Solidarity and Care During the Covid-19 Pandemic is now publishing the Caring in Crisis newsletter of the Platform for Innovation and Dialogue with Cuba, including this edition. This newsletter began March 20, 2020 and is released in both English and Spanish every other Friday. Past issues can be found in their original location here. The Platform was created to foster connections and collaborations between Atlantic Fellows, Cuban counterparts and other global stakeholders. Our mission is to create space for important conversations regarding equity, empathy and the future.
25th September 2020
In April, Arundhati Roy famously wrote that the pandemic is a portal. As we witness the announcement of new U.S. sanctions against Cuba and many other ongoing injustices around the world, we are also looking toward the future and considering who and what we want to be when we reach the other side. As we have addressed in our newsletter, the pandemic has intensified a pre-existing crisis in food and agricultural systems (this is true in Cuba, the U.S., and on a global scale). It is predicted that the number of people facing severe food insecurity worldwide could double to 265 million by the end of the year. While many high-level conversations about building resiliency in the food system are focused on large-scale, technological or data-driven solutions, we are also aware that successful alternatives are already being modeled at local levels.
When the pandemic hit, Cuba was forced to close its doors to tourism (one if its most important sources of hard currency), deepening a mounting economic crisis, and plunging the country into one of the worst food shortages in nearly 25 years. Many Cubans are facing extreme difficulties as they navigate long lines and limited transit to search for food items that are in short supply, and in some cases, extremely expensive. Many have even turned to new bartering networks popping up on messaging apps like Telegram to exchange items with others.
Cuba’s Deputy Prime Minister and Minister of Economy has indicated that increasing domestic food production is a priority of new economic reforms, and while the road ahead is extremely complex, there are some hopeful possibilities on the horizon. For one, the government is experimenting with de-centralization in order to increase innovation in food production at a local level. Additionally, with access to industrial pesticides cut off, many Cuban farmers are turning toward environmentally-friendly and sustainable methods, much as they did with great success in the 1990s. Moreover, Cuba already has a supportive infrastructure for small-scale producers in both rural and urban settings.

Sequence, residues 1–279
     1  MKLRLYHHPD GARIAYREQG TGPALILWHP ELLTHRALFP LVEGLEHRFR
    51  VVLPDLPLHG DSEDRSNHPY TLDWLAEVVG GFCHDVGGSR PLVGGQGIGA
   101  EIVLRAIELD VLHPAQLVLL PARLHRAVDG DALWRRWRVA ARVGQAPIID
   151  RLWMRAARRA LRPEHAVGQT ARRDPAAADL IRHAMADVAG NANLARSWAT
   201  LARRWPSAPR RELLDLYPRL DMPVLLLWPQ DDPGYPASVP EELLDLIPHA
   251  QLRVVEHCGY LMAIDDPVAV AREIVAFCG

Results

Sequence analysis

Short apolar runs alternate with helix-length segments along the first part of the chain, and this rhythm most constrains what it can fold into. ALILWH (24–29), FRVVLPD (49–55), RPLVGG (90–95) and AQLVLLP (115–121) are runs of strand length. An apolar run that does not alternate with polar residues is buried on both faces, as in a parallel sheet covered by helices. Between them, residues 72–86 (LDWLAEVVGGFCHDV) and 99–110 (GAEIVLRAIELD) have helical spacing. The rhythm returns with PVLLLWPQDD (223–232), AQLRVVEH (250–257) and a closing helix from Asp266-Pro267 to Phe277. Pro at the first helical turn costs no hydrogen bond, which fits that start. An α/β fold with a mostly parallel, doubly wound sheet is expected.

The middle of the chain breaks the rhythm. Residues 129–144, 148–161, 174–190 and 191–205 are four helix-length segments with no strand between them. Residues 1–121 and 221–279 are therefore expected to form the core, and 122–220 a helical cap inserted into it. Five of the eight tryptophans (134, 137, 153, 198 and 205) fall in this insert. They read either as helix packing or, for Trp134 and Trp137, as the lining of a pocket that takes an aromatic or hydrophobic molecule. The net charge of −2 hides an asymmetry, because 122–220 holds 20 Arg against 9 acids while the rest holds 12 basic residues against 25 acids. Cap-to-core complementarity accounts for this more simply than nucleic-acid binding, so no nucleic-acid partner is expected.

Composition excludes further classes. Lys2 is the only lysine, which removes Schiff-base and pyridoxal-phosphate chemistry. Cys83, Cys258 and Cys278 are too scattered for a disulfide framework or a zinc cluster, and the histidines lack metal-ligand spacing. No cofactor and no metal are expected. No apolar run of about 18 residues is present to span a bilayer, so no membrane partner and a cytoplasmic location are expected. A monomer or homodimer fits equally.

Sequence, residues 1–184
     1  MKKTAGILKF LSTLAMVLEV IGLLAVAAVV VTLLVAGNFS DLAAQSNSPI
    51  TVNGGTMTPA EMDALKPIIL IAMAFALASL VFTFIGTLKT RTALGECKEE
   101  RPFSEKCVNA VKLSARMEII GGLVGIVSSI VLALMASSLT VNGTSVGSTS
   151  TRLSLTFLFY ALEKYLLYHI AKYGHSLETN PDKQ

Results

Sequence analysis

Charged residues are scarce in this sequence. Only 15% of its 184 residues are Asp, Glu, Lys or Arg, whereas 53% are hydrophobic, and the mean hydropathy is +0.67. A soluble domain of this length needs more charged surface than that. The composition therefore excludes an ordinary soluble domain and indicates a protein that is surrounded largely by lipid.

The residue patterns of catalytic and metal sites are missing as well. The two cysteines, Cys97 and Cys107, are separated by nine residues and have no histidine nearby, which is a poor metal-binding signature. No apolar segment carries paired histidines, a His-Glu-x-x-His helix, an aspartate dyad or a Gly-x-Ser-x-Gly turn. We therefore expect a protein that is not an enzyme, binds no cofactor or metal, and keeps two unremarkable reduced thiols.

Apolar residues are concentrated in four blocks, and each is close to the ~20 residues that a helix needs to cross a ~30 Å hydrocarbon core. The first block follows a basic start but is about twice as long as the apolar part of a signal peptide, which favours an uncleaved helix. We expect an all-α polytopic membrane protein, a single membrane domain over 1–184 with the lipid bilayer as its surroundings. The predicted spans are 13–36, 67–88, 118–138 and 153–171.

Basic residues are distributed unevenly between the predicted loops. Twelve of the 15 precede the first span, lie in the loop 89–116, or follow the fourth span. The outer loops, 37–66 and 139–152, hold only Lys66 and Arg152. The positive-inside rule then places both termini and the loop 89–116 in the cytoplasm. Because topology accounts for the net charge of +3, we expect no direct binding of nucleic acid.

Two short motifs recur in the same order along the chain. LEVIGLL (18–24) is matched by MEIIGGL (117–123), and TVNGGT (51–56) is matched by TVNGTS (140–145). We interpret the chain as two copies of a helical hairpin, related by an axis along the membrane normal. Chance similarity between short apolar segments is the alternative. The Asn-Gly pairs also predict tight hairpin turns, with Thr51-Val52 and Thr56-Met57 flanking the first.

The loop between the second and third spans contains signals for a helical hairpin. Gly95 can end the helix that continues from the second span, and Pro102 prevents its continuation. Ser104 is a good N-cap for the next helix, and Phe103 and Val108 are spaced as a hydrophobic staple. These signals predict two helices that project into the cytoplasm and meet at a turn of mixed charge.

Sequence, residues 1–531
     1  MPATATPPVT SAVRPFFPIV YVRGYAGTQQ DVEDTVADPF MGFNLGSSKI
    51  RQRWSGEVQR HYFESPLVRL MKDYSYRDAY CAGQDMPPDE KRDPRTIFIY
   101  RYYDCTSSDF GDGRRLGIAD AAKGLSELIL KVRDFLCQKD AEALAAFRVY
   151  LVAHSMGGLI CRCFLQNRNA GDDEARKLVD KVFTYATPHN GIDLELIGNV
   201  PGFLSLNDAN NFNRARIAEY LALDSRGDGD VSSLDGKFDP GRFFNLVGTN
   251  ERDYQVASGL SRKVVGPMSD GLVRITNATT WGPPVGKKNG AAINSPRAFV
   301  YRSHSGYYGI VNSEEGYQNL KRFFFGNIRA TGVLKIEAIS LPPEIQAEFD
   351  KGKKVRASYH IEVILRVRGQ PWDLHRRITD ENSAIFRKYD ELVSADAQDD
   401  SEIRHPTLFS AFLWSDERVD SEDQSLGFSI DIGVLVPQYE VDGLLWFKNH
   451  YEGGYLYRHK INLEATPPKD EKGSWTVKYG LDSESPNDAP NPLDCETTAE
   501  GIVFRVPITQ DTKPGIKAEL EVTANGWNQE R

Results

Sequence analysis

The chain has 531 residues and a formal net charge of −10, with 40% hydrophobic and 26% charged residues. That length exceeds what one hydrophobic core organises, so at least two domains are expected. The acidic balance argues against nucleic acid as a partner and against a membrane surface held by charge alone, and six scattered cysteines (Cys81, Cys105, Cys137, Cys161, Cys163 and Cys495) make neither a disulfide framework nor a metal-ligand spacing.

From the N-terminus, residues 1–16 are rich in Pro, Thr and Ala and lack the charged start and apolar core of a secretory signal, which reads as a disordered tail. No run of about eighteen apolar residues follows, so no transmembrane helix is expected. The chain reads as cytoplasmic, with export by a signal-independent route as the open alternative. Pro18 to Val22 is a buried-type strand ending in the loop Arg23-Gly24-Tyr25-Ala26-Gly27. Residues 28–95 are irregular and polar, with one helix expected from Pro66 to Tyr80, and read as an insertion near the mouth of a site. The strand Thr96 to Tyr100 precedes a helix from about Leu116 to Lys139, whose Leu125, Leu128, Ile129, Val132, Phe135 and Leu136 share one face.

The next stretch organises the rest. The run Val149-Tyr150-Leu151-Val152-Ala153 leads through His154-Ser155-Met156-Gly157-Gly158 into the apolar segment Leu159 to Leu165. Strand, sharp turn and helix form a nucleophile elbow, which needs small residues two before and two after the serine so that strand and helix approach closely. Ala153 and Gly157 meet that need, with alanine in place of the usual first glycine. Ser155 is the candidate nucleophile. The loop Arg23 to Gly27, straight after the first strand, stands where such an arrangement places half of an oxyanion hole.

For all these reasons and more, this week we are delighted to release Trabajo de Amor, the final installment of our series on Cuban Visionaries who are working toward healthier, equitable, and more sustainable futures. The film’s subjects, Ismar Garcé and Roger Santiestaban, reveal the enormous existing capacity for small plots of land to sustain a community, a family, and a beautiful life project. The film was shot before COVID19. Since then, Ismar and Roger have increased their (socially-distanced) efforts to educate, train and inspire other community members to carryout similar projects.
Sarah Stephens, Justine Williams and Mariakarla Nodarse
Washington DC, US & Cuba
Sarah Stephens, Cuba Platform founder and director, is a veteran leader in human rights and social justice, focused for the past 20 years on US relations with Cuba. She founded the Center for Democracy in the Americas, which played a key role in bringing about the historic opening between the United States and Cuba in 2014 and has led delegations for hundreds of cultural and political leaders, including over 60 members of the U.S. Congress and Senate. Her newest project, CARE LAB, is designed to bring together people and ideas in support of a more care-centered world.
Dr. Justine Williams, is managing director at the Cuba Platform and co-founder of the CARE LAB. She is an experienced ethnographic researcher, advocate, nonprofit manager, educator, author and anthropologist with 15 years of experience leveraging knowledge(s) and human experience for social change on issues of food, economic, land and racial and gender justice. She has worked for university centers and non-profit think tanks and is the editor of the volume Land Justice: Re-imagining Land, Food and the Commons.
Mariakarla Nodarse, program coordinator for the Cuba Platform, is a lawyer with a Master’s Degree in International Legal Studies and a specialization in international organizations. Her thesis explored the legal barriers to effectiveness that NGOs in Latin America face. Born in Cuba and later moving to Italy and then the U.S., Mariakarla is trilingual and experienced working across cultural and linguistic divisions.